Ms. Coen continues to stand by the post. Steve Albani, a spokesman for Comedy Central, said on Friday, “The open letter posted earlier this week speaks for itself, and the show will have no further comment.”
With 50 to 60 posts published daily, Jezebel offsets weighty topics with lighter fare. One popular feature, Midweek Madness, is a tongue-in-cheek dissection of the week’s glossy tabloids; with all the chatter about celebrity pregnancies, the Jezebel staff sometimes refers to it as “Unsolicited Uterus Update Weekly.” Dress Code is a question-and-answer feature that functions as a sartorial Miss Manners; Beauty 101 provides inexpensive and practical alternatives to the cosmetic tips espoused by Vogue and Allure.
Jezebel’s founding editor, Anna Holmes, 37, worked at some of the very magazines Mr. Denton scorned, including both Glamour and Star under Bonnie Fuller. Charged with creating “the Girly Gawker,” Ms. Holmes sought “an antidote to superficiality and irrelevance of women’s media properties.”
“I felt disillusioned by magazines to a certain degree,” said Ms. Holmes, who recently left Jezebel, “because they perpetuate this insecurity factory and present solutions to the insecurities they just created.”
A month after the blog’s inception, Ms. Holmes struck gold when someone involved with the production of Redbook sent Jezebel the July 2007 cover image of Faith Hill before the airbrush was applied. The difference between the raw photo and the final cover is jarring: Ms. Hill’s silhouette has been redrawn, under-eye lines have been smoothed out and one of her arms has been halved in size — all unnecessary alterations, Ms. Holmes said.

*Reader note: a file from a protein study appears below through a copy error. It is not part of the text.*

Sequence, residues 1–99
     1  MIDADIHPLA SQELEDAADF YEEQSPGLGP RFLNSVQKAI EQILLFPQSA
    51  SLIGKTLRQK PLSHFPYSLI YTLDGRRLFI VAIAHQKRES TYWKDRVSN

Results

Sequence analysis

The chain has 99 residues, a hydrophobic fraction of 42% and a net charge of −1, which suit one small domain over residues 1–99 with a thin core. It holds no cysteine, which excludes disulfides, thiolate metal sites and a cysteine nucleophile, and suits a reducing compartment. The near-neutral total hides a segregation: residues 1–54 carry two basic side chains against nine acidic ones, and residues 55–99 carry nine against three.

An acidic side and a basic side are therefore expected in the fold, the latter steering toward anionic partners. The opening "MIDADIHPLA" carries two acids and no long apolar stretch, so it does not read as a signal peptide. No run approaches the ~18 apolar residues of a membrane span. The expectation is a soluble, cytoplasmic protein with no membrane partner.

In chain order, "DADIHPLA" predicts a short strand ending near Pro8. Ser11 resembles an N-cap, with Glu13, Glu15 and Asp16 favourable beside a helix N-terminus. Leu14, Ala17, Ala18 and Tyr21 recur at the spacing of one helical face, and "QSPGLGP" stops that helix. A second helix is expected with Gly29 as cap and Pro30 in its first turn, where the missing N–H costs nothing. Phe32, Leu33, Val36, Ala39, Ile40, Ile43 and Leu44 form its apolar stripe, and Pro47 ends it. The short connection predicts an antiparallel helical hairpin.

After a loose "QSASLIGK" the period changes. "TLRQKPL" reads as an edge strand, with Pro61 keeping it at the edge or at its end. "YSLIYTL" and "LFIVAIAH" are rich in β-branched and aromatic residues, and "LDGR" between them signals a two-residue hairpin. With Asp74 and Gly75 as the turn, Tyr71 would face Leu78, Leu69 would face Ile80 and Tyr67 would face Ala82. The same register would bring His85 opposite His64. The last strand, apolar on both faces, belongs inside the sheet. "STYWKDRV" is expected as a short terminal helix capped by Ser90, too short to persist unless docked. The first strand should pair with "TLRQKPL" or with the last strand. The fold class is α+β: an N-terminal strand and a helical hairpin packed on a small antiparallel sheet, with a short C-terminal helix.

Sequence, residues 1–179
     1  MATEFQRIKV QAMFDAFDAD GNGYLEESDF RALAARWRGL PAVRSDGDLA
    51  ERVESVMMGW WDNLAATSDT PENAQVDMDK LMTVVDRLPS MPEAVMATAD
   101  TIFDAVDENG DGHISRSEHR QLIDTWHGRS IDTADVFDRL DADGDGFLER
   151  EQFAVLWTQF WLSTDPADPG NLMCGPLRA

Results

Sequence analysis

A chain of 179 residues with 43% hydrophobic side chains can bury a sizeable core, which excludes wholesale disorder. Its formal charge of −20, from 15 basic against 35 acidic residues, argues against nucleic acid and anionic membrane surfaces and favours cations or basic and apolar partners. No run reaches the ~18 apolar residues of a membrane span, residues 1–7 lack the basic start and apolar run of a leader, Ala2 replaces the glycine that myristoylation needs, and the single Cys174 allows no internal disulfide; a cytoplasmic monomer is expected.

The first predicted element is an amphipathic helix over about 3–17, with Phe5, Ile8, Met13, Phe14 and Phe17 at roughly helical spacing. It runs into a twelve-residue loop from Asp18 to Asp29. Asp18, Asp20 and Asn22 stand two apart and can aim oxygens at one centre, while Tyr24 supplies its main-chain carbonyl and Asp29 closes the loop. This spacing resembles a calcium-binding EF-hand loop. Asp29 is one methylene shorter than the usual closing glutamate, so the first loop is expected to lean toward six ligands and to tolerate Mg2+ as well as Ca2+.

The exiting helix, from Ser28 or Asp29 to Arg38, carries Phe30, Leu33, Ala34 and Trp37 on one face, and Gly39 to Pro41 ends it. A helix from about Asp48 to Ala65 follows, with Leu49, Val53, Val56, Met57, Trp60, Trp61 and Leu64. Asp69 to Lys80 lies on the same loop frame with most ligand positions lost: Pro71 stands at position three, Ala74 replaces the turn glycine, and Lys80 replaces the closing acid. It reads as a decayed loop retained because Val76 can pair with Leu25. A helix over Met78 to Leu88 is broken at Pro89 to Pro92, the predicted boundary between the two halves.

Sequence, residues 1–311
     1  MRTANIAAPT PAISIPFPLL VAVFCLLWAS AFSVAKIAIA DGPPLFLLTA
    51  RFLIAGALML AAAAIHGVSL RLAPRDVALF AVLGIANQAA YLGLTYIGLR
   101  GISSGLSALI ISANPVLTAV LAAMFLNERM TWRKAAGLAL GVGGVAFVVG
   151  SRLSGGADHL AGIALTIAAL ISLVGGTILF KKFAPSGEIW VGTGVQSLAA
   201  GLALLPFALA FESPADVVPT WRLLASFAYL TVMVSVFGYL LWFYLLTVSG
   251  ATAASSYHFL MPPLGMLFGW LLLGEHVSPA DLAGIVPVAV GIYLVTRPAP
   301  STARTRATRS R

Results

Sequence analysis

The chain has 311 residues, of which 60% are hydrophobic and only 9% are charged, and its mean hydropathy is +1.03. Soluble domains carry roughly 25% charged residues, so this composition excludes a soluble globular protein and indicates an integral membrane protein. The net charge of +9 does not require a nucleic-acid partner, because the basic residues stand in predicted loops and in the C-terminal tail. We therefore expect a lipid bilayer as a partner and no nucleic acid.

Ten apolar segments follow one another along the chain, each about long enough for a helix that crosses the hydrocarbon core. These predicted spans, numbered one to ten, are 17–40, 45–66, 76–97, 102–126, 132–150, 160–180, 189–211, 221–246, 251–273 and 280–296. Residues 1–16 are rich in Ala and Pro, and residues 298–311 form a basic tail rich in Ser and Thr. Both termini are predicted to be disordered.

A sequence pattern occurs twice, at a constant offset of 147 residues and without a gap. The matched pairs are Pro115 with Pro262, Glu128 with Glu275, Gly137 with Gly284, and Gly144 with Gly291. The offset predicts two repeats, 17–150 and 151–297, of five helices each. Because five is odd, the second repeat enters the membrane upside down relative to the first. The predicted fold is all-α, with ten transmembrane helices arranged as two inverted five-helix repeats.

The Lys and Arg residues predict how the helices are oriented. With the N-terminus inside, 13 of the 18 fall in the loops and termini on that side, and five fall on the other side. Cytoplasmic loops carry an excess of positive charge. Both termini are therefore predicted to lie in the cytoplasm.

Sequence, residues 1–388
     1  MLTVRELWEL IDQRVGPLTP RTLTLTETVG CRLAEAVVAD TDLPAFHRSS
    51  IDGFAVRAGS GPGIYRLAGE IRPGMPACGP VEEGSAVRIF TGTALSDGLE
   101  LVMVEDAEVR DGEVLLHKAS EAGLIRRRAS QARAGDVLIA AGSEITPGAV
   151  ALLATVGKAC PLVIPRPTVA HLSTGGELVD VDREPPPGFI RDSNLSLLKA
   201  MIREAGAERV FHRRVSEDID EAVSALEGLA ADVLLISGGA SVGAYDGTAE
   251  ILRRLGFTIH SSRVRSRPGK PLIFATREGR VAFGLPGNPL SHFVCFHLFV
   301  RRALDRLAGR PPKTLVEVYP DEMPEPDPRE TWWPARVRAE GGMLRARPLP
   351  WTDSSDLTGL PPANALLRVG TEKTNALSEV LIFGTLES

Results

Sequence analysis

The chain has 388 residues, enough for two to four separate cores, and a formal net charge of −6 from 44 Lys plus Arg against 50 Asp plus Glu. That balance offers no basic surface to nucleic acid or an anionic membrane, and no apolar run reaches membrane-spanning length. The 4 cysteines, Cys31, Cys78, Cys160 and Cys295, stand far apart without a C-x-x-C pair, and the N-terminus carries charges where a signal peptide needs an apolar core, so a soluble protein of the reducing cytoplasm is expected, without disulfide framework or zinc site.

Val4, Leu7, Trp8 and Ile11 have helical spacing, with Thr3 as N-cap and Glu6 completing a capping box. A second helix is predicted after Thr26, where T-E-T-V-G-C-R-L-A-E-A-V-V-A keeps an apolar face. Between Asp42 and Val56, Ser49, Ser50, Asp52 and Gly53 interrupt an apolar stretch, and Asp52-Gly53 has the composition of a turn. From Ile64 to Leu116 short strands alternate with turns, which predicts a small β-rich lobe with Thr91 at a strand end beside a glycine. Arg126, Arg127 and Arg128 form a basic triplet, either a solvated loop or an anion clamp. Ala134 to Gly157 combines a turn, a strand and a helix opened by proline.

“Look at the picture above, and tell us that Faith Hill is not gorgeous and vibrant just the way God — not Photoshop — made her,” she wrote on the site. The ensuing controversy received national attention, officially putting Jezebel on the map and attracting a devoted fan base, one that is not shy about posting comments about past traumas like rape and drug abuse.
Because readers are actively engaged with the content, “Jezebel shows that not only are thousands of eyeballs viewing the site, but they are doing something,” said Kelli Matthews, an instructor of public relations at the University of Oregon School of Journalism and Communication. “They’re leaving comments. They’re interacting with each other.
“This helps people feel like part of the Jezebel ‘community,’ which only adds to the loyalty that the site enjoys,” she said.
Last week, Emily Gould, herself a Gawker alumna, wrote a highly critical piece on Slate saying that Jezebel’s criticism of pop culture and “righteously indignant rage” are really just “petty jealousy, cleverly marketed as feminism.”
“The easiest way for Jezebel writers to be provocative is to stoke readers’ insecurities — just in a different way,” she wrote.
But Ms. Coen says that Jezebel’s audience is so loyal because its readers are not condescended to, but leveled with. “It’s great to see such a devoted audience,” she said. “You see that your work matters to people.”
With Jezebel breaking more stories and garnering more unique visitors than ever before, “Advertisers are no longer treating it as a cute new entrant,” Mr. Denton said. “This is Jezebel’s moment.”